Parents and Young Children

Before starting a family


There are one or two things to think about before starting to try to get pregnant. The most important thing is to be in good health. If you have a longterm condition, like diabetes, epilepsy, a thyroid condition or asthma, it is worth seeing your doctor first to review this to make sure it is as well controlled as possible.


If you are on long term medication it is worth discussing this with your doctor also - it may be best to stop some medications before getting pregnant, but always talk to your doctor about this first. For fantastic advice on the use of medicines in pregnancy there are a range of great leaflets (called BUMPS!) here.


If you smoke, deciding you'd like to get pregnant is one of the best times in your life to stop - you might do this on your own, or with help from the practice or pharmacy. It is also wise to not drink too much alcohol when you might be pregnant soon.


Folic acid - it is helpful for all women to start taking folic acid from when they first start trying to conceive, until 12 weeks of pregnancy. A pharmacist can help you with how to take this.

Vitamin D supplements are also recommended (400 units or 10 micrograms per day) from before conception, throughout pregnancy and during breast feeding, in order to protect the bones of both mother and baby.

I'm pregnant, what do I do now?

There are some do's and don'ts of early pregnancy, things to look out for and you'll need to arrange to see the midwife.


'Congratulations on your pregnancy' is a document we've produced that will hopefully be helpful at this stage.


Antenatal Timeline - what happens when in NHS care

Health information for parents

  • Health visitors

    • When you have your first child our health visitors will be in touch and are able to help with most issues that new parents face, including issues around feeding and vaccination in particular.

    • They can be contacted on 01483 424188

  • Alive N Kicking is an exercise and wellbeing programme for children and young people. ​

  • HANDi app can offer advice and support for common childhood illnesses. Available for Android and Apple and select Surrey Heartlands when asked for a Trust. 

  • DadPad a free app for dads-to-be and dads with new babies. Select “Surrey Heartlands” when asked for a Trust to get the most relevant local information for you. 

  • "When should I worry?" is a PDF booklet which provides information about common childhood illnesses (not for children less than 3 months old). It's available in more than 10 languages. 

  • If you have served in the Armed Forces, or you are part of a current Armed Forces family, please find further information on our Support for Military Veterans Page. . 

Immunisation and medication information

  • Flu Vaccine for children:

The new vaccine with no needle

Which is the right vaccine for my child?

  • Medicines for children is a practical and reliable advice about giving medicine to your child and answer your questions about how and when to give the medicine, what to do if you forget to give the medicine or give it twice and any possible side effects.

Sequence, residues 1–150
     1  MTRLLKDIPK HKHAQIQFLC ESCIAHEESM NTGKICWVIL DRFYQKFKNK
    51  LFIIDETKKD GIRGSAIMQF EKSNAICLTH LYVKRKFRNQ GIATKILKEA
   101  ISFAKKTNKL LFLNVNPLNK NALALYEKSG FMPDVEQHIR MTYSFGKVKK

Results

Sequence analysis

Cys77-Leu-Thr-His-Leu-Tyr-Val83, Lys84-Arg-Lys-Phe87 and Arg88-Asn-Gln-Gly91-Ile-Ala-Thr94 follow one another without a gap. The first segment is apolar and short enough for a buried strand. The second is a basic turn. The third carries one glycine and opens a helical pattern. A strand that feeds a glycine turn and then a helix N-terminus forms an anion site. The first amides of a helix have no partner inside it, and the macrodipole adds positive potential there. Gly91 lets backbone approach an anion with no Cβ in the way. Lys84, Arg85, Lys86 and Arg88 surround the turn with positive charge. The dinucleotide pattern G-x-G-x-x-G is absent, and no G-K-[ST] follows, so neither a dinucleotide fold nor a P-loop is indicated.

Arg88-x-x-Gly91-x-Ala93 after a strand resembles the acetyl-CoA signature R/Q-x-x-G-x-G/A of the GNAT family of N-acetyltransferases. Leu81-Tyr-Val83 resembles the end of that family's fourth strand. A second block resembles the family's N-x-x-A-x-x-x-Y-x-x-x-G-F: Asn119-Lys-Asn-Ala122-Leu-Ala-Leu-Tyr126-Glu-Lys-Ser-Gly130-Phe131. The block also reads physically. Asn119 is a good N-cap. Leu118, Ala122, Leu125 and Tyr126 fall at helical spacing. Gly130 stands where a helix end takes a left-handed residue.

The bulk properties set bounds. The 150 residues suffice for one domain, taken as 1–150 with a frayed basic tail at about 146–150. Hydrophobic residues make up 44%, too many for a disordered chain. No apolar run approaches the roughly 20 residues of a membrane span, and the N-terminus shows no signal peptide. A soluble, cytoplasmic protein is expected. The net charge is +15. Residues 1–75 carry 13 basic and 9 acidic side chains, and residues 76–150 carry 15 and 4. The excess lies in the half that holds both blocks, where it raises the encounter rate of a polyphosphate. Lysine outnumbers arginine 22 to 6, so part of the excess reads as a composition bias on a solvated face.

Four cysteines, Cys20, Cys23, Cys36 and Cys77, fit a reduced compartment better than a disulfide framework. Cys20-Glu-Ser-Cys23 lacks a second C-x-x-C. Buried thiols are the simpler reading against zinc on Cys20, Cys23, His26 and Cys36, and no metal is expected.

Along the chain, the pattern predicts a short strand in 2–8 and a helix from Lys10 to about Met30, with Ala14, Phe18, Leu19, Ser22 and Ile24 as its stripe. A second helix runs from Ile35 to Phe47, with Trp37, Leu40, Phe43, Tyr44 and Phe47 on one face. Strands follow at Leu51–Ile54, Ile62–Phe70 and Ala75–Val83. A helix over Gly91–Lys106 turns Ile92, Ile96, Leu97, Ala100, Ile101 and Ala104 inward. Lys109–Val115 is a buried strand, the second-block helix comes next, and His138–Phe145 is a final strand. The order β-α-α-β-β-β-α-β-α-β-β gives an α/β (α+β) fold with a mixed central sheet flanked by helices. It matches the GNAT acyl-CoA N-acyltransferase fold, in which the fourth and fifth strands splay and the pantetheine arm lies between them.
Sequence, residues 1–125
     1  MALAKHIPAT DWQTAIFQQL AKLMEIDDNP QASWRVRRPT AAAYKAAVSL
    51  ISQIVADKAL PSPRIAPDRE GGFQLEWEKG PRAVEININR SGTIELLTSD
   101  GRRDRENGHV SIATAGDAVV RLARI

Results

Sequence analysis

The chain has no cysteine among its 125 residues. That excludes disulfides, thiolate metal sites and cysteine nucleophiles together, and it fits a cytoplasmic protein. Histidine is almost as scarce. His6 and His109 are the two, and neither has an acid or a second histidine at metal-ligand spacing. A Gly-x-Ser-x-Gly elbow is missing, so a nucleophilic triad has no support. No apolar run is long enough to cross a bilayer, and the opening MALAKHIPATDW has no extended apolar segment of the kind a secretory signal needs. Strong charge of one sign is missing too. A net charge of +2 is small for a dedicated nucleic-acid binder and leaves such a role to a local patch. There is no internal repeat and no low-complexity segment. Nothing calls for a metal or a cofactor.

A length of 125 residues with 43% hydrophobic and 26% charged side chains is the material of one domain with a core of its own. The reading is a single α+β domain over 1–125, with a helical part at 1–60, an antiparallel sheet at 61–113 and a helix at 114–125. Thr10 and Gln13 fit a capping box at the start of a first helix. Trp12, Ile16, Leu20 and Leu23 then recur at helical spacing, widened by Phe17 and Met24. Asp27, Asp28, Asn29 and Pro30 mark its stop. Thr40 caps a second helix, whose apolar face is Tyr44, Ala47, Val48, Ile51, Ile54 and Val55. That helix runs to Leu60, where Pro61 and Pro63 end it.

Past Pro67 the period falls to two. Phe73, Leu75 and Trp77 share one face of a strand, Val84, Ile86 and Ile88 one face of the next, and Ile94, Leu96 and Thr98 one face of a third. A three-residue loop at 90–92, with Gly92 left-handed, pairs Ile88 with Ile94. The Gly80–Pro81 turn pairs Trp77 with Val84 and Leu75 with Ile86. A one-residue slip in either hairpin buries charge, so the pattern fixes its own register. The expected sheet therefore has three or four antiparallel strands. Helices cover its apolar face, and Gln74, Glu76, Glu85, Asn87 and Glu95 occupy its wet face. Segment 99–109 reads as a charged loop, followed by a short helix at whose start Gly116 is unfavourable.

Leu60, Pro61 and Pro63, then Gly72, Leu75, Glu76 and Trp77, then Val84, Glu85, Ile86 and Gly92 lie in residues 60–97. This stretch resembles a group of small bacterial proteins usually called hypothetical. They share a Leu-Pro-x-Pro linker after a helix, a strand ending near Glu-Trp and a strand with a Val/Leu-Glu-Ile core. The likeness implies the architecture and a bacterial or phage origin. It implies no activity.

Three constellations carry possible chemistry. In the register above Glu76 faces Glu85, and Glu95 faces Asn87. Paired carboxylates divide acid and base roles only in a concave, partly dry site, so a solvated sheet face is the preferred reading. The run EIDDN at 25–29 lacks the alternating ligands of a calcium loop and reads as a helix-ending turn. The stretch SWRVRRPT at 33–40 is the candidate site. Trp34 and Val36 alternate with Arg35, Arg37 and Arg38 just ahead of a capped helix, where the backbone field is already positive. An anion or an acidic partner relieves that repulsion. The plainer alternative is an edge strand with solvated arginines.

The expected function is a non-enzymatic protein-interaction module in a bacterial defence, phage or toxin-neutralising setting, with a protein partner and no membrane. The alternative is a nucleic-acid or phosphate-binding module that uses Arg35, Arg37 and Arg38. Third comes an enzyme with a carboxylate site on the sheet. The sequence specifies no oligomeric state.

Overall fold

Emotional wellbeing for your child

  • Free online parenting guides is available to help you understand your child’s emotional development to improve your relationship.

    • It’s for children of all ages ​from pregnancy to teenage years is, including those with Special Educational Needs and Disabilities (SEND).

    • Their Advice Line on 01883 340 922 8am – 5pm, Mon-Fri provides support on all aspects of your children’s health, development and parenting. 

  • Young Minds has tips, advice and can signpost you for your child’s mental health.

    • Their free Parents Helpline offers confidential advice via phone, email or webchat to parents and carers who are concern about their child’s mental health up to the age of 25.

    • If English is not your first language, they can arrange for an interpreter. 

  • Surrey Wellbeing Parenting Facebook Page is a new resource specifically to help parents weather the COVID-19 storm with ideas and tips to help you meet the emotional and developmental needs of your children right now.

  • Happy Maps has information, resources and signposting appropriate for children of different ages (pre-school, primary school, and secondary school & young adult) for a wide range of topics such as behavioural problems, food, crying, coping with death or loss, toileting, gender identity, internet safety and gaming and more. 

  • We have more information on our Youth Page.  

Your emotional wellbeing

  • Baby Buddy is a free interactive pregnancy and parenting guide with over 300 short video clips from parents and professionals sharing useful advice including looking after your emotional wellbeing. 

  • Home Start

    • Home-start can work with you and your family to access your local services, and offer group support, home visiting, and financial advice. 

    • Virtual postnatal peer support group are relaxed and informal with support from a counsellor and child care professional and four other families over the course of five sessions. Email to sign up. 

  • Surrey Sands can offer support for anyone affected by the death of a baby. All the volunteers are all bereaved parents themselves, which enable them to offer empathic support.

Selected Blog posts relevant to families and children

Time to put infant reflux back in it's box - the overdiagnosis of reflux and potential harms of treatment


Who gave Tesco the right to shape our children? - the marketisation of gender stereotypes


Miscarriage and stillbirth - a chance to say goodbye - the excellent work done by the charity Saying Goodbye


Other posts relevant to child health